In my stories, I try to emulate the same thing. I think the author that showed this the best was Marissa Meyer, in her Lunar Chronicles. All I have to say is ‘Oh my stars,’ and any fan would immediately recognize the reference. Or in Divergent, everyone knows what a stiff is. It’s a term that’s part of a culture, one that everyone uses and knows.

That’s why it’s so important for me to find what phrases my characters use, and how it’s influenced by their culture. Not only does it give a fresh perspective, but it also helps to make the world feel real.

Monday, May 23, 2016

Illegal Immigrants

It’s no secret that I’ve had to deal with immigration. When I moved to Spain, I had to get a student visa, which included going out to California to deal with the Embassy.

After I started dating my hubby, we dealt with immigration going the other way. After we’d been dating a few months, I really wanted him to meet my family. We arranged for him to come over Christmas, and he applied for a visitor’s visa.

Everything went well, and he went in for his interview. No more than a few minutes later, he got the response.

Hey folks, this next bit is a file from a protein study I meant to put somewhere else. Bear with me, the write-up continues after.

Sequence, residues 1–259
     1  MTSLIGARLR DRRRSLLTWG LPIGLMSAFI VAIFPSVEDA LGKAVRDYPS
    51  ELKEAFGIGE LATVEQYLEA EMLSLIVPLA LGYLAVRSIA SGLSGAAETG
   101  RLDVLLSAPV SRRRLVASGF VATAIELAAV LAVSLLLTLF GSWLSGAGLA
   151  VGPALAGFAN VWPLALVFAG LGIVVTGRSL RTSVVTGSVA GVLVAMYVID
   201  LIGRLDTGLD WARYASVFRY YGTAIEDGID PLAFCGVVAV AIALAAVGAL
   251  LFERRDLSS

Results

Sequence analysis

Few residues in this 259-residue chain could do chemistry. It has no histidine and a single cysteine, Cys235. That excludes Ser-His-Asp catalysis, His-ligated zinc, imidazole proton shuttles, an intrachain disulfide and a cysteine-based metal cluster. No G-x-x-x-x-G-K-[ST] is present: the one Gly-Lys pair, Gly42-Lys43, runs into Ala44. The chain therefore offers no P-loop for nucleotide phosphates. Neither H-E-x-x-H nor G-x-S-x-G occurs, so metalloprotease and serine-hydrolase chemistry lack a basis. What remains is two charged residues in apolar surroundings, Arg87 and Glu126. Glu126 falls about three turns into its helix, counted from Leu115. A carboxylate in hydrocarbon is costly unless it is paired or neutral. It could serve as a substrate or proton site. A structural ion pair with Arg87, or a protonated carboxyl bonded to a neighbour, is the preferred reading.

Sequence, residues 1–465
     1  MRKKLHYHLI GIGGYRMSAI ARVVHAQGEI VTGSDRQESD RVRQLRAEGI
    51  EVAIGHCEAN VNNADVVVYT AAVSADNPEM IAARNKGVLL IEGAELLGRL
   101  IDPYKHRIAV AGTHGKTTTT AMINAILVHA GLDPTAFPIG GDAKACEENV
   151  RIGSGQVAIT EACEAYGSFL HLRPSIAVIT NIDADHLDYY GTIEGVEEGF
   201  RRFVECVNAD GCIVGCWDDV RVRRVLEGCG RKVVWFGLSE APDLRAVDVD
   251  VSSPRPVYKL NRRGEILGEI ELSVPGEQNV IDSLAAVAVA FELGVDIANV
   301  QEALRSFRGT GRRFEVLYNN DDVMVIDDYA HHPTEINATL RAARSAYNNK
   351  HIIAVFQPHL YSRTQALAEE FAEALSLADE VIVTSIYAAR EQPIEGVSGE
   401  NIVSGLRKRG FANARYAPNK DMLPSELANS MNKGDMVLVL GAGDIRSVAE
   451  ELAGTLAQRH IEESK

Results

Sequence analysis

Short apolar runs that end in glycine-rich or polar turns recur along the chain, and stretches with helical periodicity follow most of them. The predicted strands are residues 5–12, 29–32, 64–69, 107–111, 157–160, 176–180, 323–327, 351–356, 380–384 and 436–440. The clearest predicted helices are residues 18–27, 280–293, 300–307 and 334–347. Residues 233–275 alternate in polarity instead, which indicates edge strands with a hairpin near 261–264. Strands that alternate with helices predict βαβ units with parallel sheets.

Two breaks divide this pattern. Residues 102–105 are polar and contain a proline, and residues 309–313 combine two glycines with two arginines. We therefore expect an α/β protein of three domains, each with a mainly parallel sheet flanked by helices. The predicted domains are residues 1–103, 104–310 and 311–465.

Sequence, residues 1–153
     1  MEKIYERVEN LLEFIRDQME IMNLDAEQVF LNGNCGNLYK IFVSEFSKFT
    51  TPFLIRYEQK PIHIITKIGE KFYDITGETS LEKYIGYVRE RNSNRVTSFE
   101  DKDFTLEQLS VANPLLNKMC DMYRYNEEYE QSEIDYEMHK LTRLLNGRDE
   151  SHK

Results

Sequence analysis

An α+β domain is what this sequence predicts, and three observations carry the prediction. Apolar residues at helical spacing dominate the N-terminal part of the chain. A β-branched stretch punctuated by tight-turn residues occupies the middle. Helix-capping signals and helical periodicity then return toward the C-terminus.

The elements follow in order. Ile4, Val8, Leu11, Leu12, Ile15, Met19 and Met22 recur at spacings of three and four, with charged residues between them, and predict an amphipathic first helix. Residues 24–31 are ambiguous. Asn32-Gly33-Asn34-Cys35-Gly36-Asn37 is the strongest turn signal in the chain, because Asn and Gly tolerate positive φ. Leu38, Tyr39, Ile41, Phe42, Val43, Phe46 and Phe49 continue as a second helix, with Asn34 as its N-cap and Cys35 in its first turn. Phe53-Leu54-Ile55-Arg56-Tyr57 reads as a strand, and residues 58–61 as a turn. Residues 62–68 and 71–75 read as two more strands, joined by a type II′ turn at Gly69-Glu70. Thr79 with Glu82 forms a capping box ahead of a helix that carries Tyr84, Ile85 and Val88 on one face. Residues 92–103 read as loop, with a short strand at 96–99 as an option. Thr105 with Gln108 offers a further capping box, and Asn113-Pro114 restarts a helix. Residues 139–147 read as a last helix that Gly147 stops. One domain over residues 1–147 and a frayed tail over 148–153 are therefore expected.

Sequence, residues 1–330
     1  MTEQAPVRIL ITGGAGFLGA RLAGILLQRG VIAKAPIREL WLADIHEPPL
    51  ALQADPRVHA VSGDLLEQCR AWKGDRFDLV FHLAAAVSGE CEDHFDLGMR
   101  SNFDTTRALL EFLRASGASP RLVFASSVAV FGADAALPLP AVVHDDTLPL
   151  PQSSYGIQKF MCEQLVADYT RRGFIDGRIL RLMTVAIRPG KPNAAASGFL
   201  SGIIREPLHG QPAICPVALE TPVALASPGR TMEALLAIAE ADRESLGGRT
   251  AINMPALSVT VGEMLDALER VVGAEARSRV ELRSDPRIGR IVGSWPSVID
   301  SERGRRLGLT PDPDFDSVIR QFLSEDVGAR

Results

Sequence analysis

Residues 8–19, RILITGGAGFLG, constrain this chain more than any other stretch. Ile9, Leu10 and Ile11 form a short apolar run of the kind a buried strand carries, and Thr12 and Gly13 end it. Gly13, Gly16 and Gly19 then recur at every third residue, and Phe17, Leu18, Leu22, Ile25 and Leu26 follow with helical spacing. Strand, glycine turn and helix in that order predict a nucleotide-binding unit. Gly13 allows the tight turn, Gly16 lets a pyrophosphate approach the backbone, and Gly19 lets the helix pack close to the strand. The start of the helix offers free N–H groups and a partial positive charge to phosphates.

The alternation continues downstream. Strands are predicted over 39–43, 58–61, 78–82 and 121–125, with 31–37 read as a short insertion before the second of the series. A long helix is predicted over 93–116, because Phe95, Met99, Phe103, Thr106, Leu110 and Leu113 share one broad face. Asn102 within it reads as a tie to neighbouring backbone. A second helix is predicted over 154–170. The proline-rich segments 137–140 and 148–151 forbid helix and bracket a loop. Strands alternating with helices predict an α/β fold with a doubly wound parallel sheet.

We tried again over the summer, and same answer.


Finally, the next Christmas, we pulled out all the stops. My dad wrote a letter to the government, saying that my boyfriend was a personal guest, and that he would take responsibility for any of his actions.

Again, Denied.

Before he left the interview, my hubby asked the interviewer to please explain what he was doing wrong. Three times couldn’t be a mistake. He wasn’t on any lists, and he didn’t have a criminal record.

The interviewer was compassionate, and he let my hubby on a secret.

He wouldn’t ever get a visitor’s visa. He was poor, young, and a male from South America. Three strikes, which meant they couldn’t trust him to not stay illegally and work. Despite everything we’d done, to prove we were in a relationship, even though the plane tickets we’d bought were round trip. Those three little things kept him from meeting my family.

Is it any wonder why the immigration system seems broken? People who actually pay to enter are punished, and those who can’t afford it, or who don’t want to do it legally can find a way? Every time I hear about the illegal immigrants, I think about that experience. Maybe they were too frustrated, trying to do it legally, that they were forced into doing it illegally. Maybe, in trying to protect our borders, we’ve only made them weaker. If we could fix the gate, we might not need to monitor the wall so much.